Archive for Wednesday, June 27, 2012

Creative effort

Congratulations to the KU School of Business for its effort to preserve businesses in rural Kansas communities.

June 27, 2012


There are few things worse for a struggling rural town than the closure of a successful business.

The town not only loses the tax revenue and jobs that business provided but it loses services or products that its residents must then do without or drive some distance to obtain. Every business a community loses contributes to the downward economic and population spiral that has gripped much of the western part of Kansas.

It’s easy to see that one of the best things the Kansas University School of Business could do for rural Kansas is to help preserve businesses in those communities. Business Dean Neeli Bendapudi briefed the Kansas Board of Regents last week on a new initiative aimed at achieving that goal.

The plan is to pair rural business owners who are ready to retire with KU business school graduates who are eager to get a start in the business world. Too many businesses in rural Kansas are closing simply because the owner retires and there is no one to take over the business, according to Wally Meyer, director of the entrepreneurship program at the KU business school. The new program, called Red Tire (which stands for “Redefine your Retirement), will identify businesses with a chance of growing and pair them with business grads who are ready to take over their management. Red Tire also would help manage the transaction between buyer and seller by guaranteeing the loan to purchase the business. Initial funding will come from private backers and government grants, and a Red Tire board, including local business people, would serve in an advisory role.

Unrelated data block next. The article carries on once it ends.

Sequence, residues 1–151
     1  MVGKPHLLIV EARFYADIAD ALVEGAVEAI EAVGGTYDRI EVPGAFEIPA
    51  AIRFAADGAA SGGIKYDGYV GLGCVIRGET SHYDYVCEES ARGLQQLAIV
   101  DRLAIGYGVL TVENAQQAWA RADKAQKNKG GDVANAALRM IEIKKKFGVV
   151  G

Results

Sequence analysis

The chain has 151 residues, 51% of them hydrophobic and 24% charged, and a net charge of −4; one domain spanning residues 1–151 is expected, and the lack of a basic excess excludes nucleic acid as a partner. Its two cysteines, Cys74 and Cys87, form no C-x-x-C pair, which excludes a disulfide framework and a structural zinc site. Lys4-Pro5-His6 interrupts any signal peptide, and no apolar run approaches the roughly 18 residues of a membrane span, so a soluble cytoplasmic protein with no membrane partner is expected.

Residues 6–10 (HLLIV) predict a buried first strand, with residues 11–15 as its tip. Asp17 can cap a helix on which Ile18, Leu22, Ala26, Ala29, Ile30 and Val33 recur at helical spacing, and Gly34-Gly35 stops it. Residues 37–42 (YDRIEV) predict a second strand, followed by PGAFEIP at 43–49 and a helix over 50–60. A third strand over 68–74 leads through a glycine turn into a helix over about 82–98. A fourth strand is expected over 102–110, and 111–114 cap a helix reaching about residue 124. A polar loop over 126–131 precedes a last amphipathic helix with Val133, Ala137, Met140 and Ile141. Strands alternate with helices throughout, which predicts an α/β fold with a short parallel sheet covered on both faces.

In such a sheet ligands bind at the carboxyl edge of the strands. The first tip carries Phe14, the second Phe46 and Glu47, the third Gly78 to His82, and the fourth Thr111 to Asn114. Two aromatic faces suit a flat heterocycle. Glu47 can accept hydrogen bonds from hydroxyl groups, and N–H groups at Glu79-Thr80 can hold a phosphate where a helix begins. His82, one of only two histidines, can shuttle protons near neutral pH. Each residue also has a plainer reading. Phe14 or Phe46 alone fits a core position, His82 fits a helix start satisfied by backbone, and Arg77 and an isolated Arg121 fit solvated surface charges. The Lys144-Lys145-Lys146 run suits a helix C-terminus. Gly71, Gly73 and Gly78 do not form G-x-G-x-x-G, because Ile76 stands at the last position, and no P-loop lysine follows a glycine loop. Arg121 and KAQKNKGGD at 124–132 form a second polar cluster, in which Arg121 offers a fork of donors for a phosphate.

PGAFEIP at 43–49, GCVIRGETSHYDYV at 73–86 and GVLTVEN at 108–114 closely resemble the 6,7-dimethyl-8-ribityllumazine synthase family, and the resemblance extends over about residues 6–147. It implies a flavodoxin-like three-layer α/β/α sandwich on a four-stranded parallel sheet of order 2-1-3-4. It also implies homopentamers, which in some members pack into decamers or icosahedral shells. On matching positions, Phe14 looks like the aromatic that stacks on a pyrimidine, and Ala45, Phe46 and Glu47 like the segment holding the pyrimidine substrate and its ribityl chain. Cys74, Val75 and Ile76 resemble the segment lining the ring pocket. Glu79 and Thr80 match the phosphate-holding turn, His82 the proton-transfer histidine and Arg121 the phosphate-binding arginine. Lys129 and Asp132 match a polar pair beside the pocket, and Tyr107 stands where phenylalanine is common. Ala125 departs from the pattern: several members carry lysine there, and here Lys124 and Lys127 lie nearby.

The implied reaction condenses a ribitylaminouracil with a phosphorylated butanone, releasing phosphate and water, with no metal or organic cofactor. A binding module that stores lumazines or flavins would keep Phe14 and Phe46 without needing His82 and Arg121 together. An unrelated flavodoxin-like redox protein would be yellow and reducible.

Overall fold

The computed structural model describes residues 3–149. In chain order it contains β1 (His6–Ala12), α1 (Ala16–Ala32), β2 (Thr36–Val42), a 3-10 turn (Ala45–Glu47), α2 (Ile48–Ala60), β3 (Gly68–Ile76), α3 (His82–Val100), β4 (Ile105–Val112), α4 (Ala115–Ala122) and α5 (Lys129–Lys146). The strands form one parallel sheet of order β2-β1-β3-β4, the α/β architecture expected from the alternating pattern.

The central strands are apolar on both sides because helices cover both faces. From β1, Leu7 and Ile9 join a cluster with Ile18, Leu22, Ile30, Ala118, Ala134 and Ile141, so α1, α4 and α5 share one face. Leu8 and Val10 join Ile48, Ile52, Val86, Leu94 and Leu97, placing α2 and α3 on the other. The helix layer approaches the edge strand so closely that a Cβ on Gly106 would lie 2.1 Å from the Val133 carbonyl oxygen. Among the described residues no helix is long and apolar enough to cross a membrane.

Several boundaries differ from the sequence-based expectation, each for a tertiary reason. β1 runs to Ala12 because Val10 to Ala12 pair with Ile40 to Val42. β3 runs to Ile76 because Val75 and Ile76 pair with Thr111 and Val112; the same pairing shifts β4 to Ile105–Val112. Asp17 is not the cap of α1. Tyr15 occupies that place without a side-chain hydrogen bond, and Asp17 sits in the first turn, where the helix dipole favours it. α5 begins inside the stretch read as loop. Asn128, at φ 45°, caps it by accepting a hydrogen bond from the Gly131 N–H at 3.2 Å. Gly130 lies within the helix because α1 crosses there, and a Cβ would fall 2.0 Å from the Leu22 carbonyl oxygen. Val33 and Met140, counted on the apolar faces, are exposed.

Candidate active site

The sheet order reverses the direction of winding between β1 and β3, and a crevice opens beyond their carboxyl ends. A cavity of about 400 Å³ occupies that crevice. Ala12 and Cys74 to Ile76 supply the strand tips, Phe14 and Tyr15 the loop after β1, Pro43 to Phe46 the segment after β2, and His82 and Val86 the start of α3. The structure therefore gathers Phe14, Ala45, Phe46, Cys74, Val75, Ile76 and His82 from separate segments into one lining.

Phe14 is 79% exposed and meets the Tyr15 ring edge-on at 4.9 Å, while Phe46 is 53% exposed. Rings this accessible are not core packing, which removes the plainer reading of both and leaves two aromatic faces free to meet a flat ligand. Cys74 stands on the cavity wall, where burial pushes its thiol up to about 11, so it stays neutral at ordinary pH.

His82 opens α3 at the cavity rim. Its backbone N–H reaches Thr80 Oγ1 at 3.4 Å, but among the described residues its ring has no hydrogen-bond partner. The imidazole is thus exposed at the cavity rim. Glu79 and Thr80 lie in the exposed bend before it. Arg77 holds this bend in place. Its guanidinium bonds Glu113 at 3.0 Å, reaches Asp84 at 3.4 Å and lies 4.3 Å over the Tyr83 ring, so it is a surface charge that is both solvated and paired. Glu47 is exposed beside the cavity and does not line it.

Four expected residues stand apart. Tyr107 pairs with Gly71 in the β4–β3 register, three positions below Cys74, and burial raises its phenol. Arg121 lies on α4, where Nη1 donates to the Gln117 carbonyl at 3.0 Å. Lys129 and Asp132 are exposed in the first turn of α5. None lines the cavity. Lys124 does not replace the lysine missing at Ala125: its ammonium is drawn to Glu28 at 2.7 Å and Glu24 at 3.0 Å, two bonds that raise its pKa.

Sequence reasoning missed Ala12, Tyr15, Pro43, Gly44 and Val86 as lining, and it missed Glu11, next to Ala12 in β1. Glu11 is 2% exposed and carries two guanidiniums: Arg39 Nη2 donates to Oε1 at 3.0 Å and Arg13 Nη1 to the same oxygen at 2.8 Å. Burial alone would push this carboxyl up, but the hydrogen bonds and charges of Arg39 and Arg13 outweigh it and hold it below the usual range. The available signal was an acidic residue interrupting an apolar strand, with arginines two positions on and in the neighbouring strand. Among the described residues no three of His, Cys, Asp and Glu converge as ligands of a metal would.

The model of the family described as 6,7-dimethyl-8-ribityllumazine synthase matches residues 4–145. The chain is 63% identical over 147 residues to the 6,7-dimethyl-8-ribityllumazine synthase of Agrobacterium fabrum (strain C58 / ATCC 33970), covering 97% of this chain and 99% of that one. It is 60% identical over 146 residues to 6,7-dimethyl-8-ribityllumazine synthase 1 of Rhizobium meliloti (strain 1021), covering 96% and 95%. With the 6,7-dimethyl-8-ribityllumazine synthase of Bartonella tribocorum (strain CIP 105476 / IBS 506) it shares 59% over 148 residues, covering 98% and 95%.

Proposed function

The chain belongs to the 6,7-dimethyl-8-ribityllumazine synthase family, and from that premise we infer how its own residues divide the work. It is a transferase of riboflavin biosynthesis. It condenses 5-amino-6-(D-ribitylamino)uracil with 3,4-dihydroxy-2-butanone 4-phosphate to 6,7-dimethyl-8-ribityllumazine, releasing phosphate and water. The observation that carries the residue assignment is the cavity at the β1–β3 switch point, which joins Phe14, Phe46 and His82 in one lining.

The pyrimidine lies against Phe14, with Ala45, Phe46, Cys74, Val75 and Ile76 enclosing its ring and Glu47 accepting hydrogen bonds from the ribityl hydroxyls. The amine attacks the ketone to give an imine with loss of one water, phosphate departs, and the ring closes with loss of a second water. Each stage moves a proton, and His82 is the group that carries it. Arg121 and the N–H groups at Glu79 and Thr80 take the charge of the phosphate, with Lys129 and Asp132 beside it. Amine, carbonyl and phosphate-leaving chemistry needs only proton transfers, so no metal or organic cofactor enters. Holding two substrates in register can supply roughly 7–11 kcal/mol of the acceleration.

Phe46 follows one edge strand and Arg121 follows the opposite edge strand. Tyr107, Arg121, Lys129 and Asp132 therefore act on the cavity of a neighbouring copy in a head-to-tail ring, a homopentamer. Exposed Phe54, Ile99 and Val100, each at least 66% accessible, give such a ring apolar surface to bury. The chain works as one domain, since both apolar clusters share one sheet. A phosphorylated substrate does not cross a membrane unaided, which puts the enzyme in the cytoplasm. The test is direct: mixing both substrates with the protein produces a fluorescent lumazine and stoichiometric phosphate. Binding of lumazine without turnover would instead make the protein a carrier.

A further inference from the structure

KU officials are hoping the program can close one or two deals in its first year and plan to focus its efforts on agriculture or health-related businesses. For instance, preserving a pharmacy is an investment in both the economy and the health of a rural town.

Meyer points out that recent business school grads are ready to take on this challenge because they have worked in down economies and embrace the entrepreneurial spirit. In a broader sense, these graduates also will be providing a breath of fresh leadership skill and energy that can benefit their new communities in many ways.

The KU initiative is just one step in trying to bolster rural Kansas communities, but it represents a refreshingly creative approach to a daunting economic challenge.


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